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Charting the Course: Madhabi Puri Buch Unveils Insights on Capital Markets and Corporate Governance

Sebi Chairperson Madhabi Puri Buch talks about how knowing all the tricks in the market helps, corporate governance standards and more




Madhabi Puri Buch, 57, the first woman Chairperson of the Securities and Exchange Board of India (Sebi), has completed a little over two years at the capital markets regulator. Buch is the second non-bureaucrat in about two decades to head Sebi. In an exclusive interview with Business Today’s Sourav Majumdar at the BT Most Powerful Women in Business Awards, Buch talks about her journey, her passion for technology and data, women at the workplace and her agenda for the remainder of her term.


1. How would she describe her journey as the Chairperson of Sebi?


As the Chairperson of Sebi, she reflects on her journey, emphasizing the significance of her prior role as a whole-time member. Her four and a half years in this position served as a period of invaluable 'house training,' tasked with striking a delicate balance between public accountability and preserving the entrepreneurial spirit of the private sector. Bestowed with the privilege of this dual mandate, she has consistently worked to harmonize these elements, drawing on over two decades of market experience and five years within the regulatory ecosystem.


2. How does that impact her interactions with market intermediaries, because they know that she is someone who already knows all the tricks?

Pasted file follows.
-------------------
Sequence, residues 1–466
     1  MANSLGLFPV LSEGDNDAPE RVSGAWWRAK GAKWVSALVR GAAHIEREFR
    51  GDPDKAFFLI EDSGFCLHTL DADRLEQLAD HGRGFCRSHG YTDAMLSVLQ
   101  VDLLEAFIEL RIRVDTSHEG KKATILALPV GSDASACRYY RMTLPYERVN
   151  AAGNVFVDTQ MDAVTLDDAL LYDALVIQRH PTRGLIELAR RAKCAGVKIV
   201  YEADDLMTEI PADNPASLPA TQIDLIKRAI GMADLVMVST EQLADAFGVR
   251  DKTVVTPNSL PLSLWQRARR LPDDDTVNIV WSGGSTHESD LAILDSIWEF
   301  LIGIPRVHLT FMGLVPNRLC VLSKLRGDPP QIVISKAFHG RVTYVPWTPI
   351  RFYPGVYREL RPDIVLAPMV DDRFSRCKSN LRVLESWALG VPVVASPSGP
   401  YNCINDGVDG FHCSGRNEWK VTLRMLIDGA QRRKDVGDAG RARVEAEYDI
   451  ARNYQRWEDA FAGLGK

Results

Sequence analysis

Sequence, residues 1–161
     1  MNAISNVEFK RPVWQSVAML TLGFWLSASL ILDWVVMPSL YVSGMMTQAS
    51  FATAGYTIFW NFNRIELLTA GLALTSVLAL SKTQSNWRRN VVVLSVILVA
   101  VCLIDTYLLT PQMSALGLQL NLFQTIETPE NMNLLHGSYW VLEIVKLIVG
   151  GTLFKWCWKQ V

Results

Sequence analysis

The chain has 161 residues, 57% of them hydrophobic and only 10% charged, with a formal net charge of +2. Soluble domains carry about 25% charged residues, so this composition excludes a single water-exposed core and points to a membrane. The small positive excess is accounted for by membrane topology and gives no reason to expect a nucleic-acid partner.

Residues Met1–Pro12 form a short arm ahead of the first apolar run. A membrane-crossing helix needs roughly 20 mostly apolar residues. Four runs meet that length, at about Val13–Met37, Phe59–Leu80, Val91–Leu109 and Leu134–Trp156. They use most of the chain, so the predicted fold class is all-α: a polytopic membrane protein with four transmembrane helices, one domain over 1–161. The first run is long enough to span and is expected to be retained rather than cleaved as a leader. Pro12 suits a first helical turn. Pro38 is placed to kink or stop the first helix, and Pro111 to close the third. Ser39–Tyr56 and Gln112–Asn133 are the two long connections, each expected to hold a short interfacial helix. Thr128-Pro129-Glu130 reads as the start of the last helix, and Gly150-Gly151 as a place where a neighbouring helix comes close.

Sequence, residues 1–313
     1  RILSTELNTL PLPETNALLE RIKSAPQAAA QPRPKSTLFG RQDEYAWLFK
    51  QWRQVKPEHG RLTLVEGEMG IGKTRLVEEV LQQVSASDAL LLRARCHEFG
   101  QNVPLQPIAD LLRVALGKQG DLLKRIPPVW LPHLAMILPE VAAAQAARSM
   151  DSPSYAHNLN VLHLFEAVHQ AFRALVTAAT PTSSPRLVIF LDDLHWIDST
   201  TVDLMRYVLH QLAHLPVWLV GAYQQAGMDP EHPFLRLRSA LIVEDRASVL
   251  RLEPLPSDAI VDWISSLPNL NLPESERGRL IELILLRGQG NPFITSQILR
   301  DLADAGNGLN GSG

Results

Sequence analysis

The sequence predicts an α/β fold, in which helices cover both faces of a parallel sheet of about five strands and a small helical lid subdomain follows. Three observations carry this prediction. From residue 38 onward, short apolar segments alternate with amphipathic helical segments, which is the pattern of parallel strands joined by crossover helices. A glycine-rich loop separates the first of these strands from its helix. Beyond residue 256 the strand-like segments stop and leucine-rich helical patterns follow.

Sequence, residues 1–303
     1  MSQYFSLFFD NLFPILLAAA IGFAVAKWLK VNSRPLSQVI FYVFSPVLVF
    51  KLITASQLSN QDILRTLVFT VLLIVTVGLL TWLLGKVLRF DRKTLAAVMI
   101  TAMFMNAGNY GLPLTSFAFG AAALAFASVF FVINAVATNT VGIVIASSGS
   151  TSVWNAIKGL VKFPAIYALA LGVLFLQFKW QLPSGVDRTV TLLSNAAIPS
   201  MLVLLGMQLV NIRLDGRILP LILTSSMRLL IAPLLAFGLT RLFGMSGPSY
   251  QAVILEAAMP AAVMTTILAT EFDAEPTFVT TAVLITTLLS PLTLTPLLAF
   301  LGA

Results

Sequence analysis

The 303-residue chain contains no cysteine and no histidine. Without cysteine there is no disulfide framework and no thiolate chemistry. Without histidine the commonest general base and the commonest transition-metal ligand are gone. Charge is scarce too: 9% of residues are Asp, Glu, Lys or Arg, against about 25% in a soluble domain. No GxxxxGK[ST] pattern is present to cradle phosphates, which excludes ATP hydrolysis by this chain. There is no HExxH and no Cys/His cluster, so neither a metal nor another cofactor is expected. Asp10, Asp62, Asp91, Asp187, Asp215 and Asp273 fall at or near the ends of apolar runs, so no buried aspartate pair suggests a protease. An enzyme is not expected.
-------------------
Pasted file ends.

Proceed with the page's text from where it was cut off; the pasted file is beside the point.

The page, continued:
Her market insights have a dual impact – firstly, she possesses a keen awareness of industry intricacies, having been hands-on in market operations. This knowledge allows her to confront market intermediaries with a firsthand understanding, ensuring a transparent dialogue. Secondly, her deep empathy stems from personal frustrations within the regulatory process, recognizing the critical nature of timing in capital raising. Leading Sebi, she emphasizes the profound impact of regulatory actions on market participants, driven by a profound understanding cultivated through her own market experiences.


3. Being passionate about technology and data. Why is that so and how has that helped her and, more importantly, Sebi to evolve into a much better regulatory body?


Passionate about technology, particularly data-driven solutions, she sees them as transformative tools that break traditional trade-offs. The ability to simultaneously reduce costs, manage risks, and delight customers is akin to magic in her eyes. Within Sebi and the broader market ecosystem, she advocates for the deployment of technology. Equally fervent about data, she stresses the importance of a logical, data-backed approach in regulatory decisions. For her, discipline and accountability come from being transparent about the data-driven basis of opinions, emphasizing the need for adaptability if the data evolves.


4. As the first female Chairperson of Sebi, did she encounter any specific challenges in that role?


At ICICI, gender was inconsequential – a testament to the culture of professionalism that defined roles. Upon joining Sebi, she observed a seamless continuation of this ethos. Gender never emerged as a focal point for her; her supportive boss treated her on par with colleagues. Present-day interactions with colleagues reveal a gender-neutral dynamic, suggesting an environment where gender has never played a defining role in her experience.





5. Even when she interacts with market participants? In fact, they might be more careful when they deal with her because they know your background…


In her interactions with market participants, gender is a non-issue. The prevailing tone of these conversations stems from her shared experiences, understanding of their positions, and past roles. The dynamics are shaped by a common professional background, with her current position adding a different dimension to the equation. Consequently, the issue of gender does not register in her perception of these interactions.


6. Sebi has implemented measures to empower women in the workplace, such as mandating the Top 1,000 companies to include at least one woman independent director. Is there consideration for an expansion of this initiative to include a larger number of companies, given the initial steps taken?